A casual reconnaissance of the limestones of the Gull River, Bobcaygeon and Verulam Formations of the Simcoe Group in the Campbellford area was initiated in 1998. Results to date suggest that brachiopods and bryozoans are the most widespread bioclasts, with lesser crinoid and rare trilobite fragments. Algal oncoliths are locally abundant. Accessory minerals include quartz and chalcedony, pyrite and goethite, and brown phosphatic collophane. Silica and pyrite are found in the lower formations, collophane in the younger Verulam Formation, and traces of iron oxyhydroxides are present throughout. In terms of a limited suite of field observations and reference samples, the micrite content (fine-grained facies of the limestone) falls from roughly 70 to 30 volume percent from Gull River to Verulam strata, and the bioclast proportion rises from 15 to 50 percent.
Suspension Bridge at Ranney Falls
The following illustrations of the local Verulam limestone depict a bluff of horizontal strata on the west bank of the gorge of the Trent river, near the south end of "Trent Island" and on the immediate south side of the outfall of the local hydroelectric power station. The bluff was selected as the site of the western end of what is now a fine pedestrian suspension bridge below Ranney Falls, linking Trent Island and Locks 11-12 of the Trent waterway with Ferris Provincial Park, on the east bank. The complex concrete-and-rebar foundations of the bridge were emplaced by the end of November 2002, and the span of the bridge was erected by contractors, including engineering specialists of the Canadian Armed Forces based at nearby Trenton, in the second half of the following year. The bridge was completed in the first half of December, 2003. Landscaping work at either end of the bridge preceded a well-attended official opening on 23 June 2004.
This addition to the local hiking trails will be significant, as the former railway grades are added to the nationwide system of the Trans-Canada Trail. The Trail and related links are now open eastwards from Campbellford to Stirling, Tweed and points east. Recent initiatives may soon open the westward section of the old rail line to Hastings: during November 2004 a local snowmobile club, the Percy Boom River Rats, was busy installing a bridge over a creek as part of a program of reconstruction along the line. A simple explanation of the bridge site follows, below the photographs.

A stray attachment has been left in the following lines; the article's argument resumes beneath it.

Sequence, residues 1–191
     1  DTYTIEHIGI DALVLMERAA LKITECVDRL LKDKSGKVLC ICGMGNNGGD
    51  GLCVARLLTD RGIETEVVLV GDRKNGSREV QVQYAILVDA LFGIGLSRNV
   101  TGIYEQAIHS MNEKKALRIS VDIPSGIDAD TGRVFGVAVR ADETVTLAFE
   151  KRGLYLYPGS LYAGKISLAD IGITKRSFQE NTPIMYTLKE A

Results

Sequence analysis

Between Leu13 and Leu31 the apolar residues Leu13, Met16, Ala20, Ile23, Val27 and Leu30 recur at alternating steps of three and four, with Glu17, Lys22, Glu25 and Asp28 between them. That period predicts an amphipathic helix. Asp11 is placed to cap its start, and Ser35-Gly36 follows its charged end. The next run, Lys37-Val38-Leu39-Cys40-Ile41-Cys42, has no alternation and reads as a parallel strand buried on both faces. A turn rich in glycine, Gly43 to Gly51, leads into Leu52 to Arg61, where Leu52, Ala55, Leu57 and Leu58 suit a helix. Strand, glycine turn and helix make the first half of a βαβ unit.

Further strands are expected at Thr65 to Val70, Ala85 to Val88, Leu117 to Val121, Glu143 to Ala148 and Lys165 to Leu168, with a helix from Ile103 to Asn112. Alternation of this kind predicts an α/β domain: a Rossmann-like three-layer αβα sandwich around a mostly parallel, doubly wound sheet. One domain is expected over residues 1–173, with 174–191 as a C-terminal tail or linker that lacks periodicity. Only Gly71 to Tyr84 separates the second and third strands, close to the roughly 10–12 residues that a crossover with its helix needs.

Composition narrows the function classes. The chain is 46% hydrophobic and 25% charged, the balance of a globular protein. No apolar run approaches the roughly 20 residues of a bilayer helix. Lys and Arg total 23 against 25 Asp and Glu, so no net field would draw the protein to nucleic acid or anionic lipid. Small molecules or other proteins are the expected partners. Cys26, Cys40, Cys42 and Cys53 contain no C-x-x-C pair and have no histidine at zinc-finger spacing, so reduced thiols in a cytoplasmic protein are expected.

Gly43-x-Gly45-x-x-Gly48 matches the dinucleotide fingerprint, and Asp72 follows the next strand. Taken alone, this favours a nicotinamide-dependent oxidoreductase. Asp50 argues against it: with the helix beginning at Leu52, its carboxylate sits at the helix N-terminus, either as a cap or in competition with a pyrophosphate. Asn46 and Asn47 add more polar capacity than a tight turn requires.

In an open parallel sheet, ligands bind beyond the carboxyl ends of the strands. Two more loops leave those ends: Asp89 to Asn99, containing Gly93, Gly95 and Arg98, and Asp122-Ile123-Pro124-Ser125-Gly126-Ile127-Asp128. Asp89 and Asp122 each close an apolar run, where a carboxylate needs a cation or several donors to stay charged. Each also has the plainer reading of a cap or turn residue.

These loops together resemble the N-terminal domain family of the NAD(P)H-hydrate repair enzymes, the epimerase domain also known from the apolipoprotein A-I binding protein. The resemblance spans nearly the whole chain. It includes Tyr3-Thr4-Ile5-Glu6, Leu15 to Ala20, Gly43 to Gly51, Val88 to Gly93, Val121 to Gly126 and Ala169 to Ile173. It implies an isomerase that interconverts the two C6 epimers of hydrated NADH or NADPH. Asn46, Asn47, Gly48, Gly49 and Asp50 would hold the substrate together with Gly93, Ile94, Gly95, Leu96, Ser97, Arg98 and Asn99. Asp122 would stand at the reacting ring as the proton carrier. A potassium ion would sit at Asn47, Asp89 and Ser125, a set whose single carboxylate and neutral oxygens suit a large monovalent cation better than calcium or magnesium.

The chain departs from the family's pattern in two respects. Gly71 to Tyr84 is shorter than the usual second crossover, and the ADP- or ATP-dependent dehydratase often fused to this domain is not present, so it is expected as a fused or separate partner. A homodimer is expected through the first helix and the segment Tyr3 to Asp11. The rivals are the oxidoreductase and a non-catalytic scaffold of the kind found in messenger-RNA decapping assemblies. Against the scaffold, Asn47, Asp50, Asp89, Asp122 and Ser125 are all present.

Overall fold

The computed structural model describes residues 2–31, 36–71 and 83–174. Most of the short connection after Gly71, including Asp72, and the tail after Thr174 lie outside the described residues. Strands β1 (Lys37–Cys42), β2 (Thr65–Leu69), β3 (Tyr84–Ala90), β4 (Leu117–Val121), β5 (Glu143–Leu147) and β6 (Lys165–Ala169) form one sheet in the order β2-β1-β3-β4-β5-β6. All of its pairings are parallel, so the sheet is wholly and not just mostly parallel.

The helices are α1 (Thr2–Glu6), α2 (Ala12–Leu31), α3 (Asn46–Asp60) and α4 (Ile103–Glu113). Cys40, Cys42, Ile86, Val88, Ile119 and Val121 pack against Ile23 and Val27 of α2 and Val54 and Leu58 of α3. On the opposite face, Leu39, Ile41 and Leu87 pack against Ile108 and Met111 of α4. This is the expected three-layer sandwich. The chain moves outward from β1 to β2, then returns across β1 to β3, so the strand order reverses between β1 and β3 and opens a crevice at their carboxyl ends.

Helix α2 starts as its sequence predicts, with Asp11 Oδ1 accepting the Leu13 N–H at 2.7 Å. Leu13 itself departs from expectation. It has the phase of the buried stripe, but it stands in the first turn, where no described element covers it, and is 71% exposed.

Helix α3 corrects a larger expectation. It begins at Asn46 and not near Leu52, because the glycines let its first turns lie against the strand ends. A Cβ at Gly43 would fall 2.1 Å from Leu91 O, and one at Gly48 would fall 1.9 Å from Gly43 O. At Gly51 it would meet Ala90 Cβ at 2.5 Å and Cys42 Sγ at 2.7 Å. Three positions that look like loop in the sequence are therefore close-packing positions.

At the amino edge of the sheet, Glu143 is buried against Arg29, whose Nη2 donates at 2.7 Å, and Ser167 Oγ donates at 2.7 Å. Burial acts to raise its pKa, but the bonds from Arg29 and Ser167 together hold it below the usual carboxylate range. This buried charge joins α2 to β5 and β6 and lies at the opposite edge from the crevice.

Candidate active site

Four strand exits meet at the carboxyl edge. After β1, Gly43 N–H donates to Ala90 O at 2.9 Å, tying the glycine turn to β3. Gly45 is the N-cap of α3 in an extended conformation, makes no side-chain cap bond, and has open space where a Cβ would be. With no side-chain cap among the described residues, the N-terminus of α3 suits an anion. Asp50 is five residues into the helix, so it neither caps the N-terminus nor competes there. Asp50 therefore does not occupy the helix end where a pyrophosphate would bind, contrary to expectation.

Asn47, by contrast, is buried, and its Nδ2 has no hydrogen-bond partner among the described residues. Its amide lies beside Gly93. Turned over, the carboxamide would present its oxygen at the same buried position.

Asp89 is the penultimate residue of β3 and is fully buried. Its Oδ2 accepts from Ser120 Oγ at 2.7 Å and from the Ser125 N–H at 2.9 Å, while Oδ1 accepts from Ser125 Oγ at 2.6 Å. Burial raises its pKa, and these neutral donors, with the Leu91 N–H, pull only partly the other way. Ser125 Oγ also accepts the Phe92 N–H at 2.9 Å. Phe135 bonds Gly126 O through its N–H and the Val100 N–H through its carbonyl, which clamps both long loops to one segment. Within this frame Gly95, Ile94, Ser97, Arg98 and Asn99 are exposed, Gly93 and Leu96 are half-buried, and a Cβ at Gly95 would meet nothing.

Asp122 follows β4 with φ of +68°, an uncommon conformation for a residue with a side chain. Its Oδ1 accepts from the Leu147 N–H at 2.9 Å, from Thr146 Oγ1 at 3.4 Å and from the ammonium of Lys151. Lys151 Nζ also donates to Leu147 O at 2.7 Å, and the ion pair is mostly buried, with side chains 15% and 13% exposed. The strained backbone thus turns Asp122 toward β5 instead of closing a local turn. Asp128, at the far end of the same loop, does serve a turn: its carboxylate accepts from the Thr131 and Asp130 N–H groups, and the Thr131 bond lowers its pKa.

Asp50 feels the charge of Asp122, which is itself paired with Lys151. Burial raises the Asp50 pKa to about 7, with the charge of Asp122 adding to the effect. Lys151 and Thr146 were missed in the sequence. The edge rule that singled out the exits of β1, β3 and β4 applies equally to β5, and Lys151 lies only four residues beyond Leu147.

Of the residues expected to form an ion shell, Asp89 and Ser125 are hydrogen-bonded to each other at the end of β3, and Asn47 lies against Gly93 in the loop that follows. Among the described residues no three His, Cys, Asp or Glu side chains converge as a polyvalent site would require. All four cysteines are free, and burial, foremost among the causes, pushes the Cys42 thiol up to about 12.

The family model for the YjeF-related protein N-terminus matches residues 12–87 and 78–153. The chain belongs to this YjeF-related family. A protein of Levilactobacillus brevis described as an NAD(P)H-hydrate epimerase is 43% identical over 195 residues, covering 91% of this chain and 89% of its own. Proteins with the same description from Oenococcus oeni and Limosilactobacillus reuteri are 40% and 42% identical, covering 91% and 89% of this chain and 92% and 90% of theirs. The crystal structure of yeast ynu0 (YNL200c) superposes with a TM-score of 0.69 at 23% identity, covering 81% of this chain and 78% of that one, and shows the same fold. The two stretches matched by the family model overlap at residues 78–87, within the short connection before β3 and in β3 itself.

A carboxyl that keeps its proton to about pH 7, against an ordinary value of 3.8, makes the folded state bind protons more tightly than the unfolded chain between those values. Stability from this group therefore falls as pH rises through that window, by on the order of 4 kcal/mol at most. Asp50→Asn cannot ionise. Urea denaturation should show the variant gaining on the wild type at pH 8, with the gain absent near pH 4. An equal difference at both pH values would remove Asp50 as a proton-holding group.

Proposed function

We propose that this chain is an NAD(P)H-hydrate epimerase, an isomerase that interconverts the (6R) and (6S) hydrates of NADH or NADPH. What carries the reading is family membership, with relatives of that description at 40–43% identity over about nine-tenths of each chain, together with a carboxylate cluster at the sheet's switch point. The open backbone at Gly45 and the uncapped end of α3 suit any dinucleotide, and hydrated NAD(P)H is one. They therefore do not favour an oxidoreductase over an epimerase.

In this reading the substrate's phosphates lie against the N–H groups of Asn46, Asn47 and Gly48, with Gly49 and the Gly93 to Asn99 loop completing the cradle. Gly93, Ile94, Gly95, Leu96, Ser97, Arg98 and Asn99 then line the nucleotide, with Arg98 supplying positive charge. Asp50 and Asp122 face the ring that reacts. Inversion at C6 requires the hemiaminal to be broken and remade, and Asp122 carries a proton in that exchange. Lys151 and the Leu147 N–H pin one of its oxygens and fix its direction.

The view on the left shows the top of the 12-metre-high bluff, looking north over Ranney Falls towards the town of Campbellford, represented by its water tower. Ferris park lies on the east bank (on the right in this image). At the centre is a small perched block of the limestone cap, ready to fall into the river below. This view is looking southeast from the site in the first photo, a few metres distant. The block is roughly 1 metre thick. On the right is a winter view of the gorge --- again with Laddie the dog for scale --- the area is an attractive outdoor destination year-round!
This overlook provides a view of the Trent river at one of the more active sections of its course. The river's bed and sides, including the bluff on which you stand, are composed of horizontal layers of rock of middle Ordovician age. These beds are limestones with lesser layers of shale. The limestone contains fossils such as corals, bryozoans, crinoids and brachiopod shells. Known in southeast Ontario as the Verulam Formation, the limy sediments are believed to have been deposited in a warm, shallow sea roughly 460 million years ago.